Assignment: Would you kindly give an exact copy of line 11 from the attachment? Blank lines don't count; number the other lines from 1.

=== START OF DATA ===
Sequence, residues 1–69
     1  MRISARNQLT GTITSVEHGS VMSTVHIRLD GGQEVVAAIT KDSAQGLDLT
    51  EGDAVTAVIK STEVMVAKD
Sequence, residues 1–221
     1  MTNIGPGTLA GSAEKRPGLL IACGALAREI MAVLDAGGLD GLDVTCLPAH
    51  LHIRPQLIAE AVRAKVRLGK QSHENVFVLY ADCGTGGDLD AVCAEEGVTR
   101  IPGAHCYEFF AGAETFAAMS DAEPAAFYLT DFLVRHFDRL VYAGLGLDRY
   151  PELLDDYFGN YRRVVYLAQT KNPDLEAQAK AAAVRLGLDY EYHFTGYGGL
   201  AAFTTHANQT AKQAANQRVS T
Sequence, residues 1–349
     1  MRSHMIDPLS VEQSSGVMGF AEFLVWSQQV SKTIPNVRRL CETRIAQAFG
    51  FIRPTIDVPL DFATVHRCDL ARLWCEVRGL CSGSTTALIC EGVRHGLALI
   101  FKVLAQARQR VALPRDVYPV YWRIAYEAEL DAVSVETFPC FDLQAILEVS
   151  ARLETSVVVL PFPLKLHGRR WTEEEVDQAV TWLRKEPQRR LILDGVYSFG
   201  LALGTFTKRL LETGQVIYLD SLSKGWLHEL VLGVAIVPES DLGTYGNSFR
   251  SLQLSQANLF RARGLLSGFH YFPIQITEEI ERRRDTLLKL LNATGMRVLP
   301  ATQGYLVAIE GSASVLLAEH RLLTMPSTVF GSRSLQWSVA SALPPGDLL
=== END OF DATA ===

     1  MRSHMIDPLS VEQSSGVMGF AEFLVWSQQV SKTIPNVRRL CETRIAQAFG